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Pretty Lightning

There Are Witches in the Woods

(Fonal; US: 27 Mar 2012; UK: 26 Mar 2012)

I’m guessing that the last Pretty Lightning band meeting, held in their native Germany, went something like this:


Christian Berghoff (guitar, vocals): Achtung, baby! Our new record, There Are Witches in the Woods, rocks!


Sebastian Haas (drums): Ja! Cool title, too. But do you think people will like it?


Christian Berghoff: Why wouldn’t they? You just said it rocks!


Sebastian Haas: Yeah, but …


Christian Berghoff: What?


Sebastian Haas: People here in Germany like us a lot, but won’t the Americans think we sound an awful lot like The Black Keys?


Christian Berghoff (slaps forehead): Mein gott! I can’t believe you’re saying this! You sound just like every lazy-ass music journo who needs a hook for his review of the latest up-and-coming guitar/drums duo.


Sebastian Haas: I know. But come on, some of our songs do totally sound like TBK’s Chulahoma. Like “We’d Rather Be Some Criminals” and “Old Lord” with that patented watery reverb guitar tone, not to mention your vocals mixed way down in a bed of wavery distortion.


Christian Berghoff: Yeah, but Chulahoma was a great record. And my voice doesn’t sound half as world-weary as Dan Auerbach’s. It’s more dreamy, like.


Sebastian Haas: Oh, I know. But then there’s “Blazing Bright” and “Down With the Moon,” which are both bluesy, riff-heavy stompers that pound out their rhythms with that grind-it-out sort of approach that sounds, well … a little familiar.


Christian Berghoff (leaning forward, intent): Listen to me. We are not a Black Keys ripoff band, okay?


Sebastian Haas: Oh … okay. I mean, ja, I totally get that.


Christian Berghoff (cleaning spectacles thoughtfully): I’ll grant you, the start of the album does tread in some mightily familiar blues-rock territory, with plenty of fuzz and riffage and basic thumping percussion. The reverb, the murky mixing, the layered vocals, I’ll give you all that. But where we really come into our own is four or five songs in. “Hail Hail” is spaced out and dreamy and psychedelic in a way that’s uniquely our own, don’t you think?


Sebastian Haas: Still pretty bluesy though.


Christian Berghoff: I admit it, I’m enamored of the blues. But “Hail Hail” works its little hypnotic number on the listener, dragging them down into the swamp – or maybe the Black Forest – in a way that Auerbach and Carney haven’t done in years, if they ever did.


Sebastian Haas: I see what you mean. It’s sort of like, we’re the band that they might have evolved into, if they hadn’t decided to act out their lame neo-soul fantasies and sing in falsetto half the time.


Christian Berghoff: Exactly! (Runs fingers through his beard.) “Hail Hail” has as much in common with tripped out Jefferson Airplane jams as with garage band stomp. And it doesn’t end there. “See No Evil” sounds like an opium-laced gospel tune, if such a thing is possible, while “Brother Gold Miner” wraps twined guitar licks around each other in counterpoint to my vocal melody, which acts almost like another guitar line.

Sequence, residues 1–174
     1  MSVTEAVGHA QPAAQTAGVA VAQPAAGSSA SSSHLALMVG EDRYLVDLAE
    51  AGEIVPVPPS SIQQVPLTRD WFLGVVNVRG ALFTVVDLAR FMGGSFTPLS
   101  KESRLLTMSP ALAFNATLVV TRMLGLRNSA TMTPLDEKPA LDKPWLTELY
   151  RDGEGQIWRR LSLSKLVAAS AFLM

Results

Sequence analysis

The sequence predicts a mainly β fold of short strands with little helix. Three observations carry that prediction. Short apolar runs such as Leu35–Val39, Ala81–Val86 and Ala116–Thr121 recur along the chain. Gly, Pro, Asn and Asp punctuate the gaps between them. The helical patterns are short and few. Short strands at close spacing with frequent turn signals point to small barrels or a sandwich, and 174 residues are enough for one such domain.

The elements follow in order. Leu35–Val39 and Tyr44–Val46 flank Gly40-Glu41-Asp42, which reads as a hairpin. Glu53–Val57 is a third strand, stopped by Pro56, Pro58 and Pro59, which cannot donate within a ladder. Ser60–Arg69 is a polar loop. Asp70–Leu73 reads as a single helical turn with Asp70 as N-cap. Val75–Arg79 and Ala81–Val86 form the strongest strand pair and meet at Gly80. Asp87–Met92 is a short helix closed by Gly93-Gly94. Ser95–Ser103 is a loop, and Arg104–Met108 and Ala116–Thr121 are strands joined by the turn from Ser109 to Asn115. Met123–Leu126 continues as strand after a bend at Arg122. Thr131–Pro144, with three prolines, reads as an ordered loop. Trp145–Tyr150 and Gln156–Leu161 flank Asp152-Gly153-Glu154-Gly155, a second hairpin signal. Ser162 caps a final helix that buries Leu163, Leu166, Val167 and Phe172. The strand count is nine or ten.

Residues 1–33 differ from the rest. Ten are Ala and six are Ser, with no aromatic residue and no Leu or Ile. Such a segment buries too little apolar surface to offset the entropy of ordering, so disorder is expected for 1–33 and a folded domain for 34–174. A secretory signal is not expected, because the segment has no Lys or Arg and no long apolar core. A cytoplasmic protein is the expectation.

Sebastian Haas: Wow, you were doing all that? Where was I?


Christian Berghoff: You were hitting things really hard with sticks. Don’t feel bad about missing out on the details. And listen, I haven’t even gotten to the best part, which is how we close out the album – with some of our best tunes.


Sebastian Haas: “The Sound of Thunder” is epic. Your spaced-out, layered vocals make a hazy bed of sound that I just want to lie down in. I hope that doesn’t sound weird.


Christian Berghoff: I’ve heard you say weirder. But you’re right, it’s a great song, and at five and a half minutes, it can really stretch out and set up the end of the record. “An Old Wives’ Tale” takes the listener back to dreamy-drone territory, but with a twist in the form of spooky guitar howling, and “The Wizard” knocks it right out of the park with overdriven guitar and the odd bit of keyboard.


Sebastian Haas: You’re right! You know, this really is a pretty great record. Pretty Lightning uber alles!


Christian Berghoff: It’s a little disturbing when you put that way, nein? But I’m glad you like the record. You know, it would be kind of weird if you didn’t.

Rating:

DAVID MAINE is a novelist and essayist. His books include The Preservationist (2004), Fallen (2005), The Book of Samson (2006), Monster, 1959 (2008) and An Age of Madness (2012). He has contributed to The Washington Post, Publishers Weekly, Esquire.com and NPR.com, among other outlets. He is a lifelong music obsessive whose interests range from rock to folk to hip-hop to international to blues. He currently lives in western Massachusetts, where he works in human services. Catch up with his blog, The Party Never Stops, at davidmaine.blogspot.com, or become his buddy on Facebook (or Twitter or Google+ or whatever you prefer) to keep up with reviews and other developments.


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